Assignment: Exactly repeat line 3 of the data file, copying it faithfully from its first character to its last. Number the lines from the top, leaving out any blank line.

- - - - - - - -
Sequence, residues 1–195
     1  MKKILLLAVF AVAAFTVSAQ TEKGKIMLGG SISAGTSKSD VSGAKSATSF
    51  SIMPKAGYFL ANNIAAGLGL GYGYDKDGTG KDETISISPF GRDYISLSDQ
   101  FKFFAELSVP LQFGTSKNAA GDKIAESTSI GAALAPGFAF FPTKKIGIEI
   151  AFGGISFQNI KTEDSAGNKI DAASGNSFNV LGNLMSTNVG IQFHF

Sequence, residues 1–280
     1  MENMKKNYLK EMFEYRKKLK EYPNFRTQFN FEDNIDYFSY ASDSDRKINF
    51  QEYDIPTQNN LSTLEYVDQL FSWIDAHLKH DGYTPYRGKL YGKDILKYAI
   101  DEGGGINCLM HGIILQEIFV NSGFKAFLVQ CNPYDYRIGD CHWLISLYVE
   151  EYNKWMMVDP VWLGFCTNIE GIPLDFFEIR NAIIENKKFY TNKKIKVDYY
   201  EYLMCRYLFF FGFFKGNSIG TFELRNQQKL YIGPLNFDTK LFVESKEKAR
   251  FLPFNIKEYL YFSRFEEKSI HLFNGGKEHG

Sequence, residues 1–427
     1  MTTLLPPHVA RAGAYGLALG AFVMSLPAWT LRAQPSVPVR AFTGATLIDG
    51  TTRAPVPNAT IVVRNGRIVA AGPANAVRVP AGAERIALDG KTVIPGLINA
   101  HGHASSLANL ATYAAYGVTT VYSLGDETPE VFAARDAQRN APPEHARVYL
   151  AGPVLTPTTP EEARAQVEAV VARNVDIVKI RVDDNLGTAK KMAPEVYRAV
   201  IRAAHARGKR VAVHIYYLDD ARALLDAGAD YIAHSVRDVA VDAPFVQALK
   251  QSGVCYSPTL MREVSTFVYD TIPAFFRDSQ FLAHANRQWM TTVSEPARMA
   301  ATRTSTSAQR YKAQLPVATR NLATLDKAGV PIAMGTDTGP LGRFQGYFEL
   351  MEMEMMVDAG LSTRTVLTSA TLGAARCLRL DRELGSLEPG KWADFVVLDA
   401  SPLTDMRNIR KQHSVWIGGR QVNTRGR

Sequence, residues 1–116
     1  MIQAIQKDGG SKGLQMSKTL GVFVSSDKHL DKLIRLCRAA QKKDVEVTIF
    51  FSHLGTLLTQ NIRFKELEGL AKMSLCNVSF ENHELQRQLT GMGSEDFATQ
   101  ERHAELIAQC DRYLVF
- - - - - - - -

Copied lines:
    51  SIMPKAGYFL ANNIAAGLGL GYGYDKDGTG KDETISISPF GRDYISLSDQ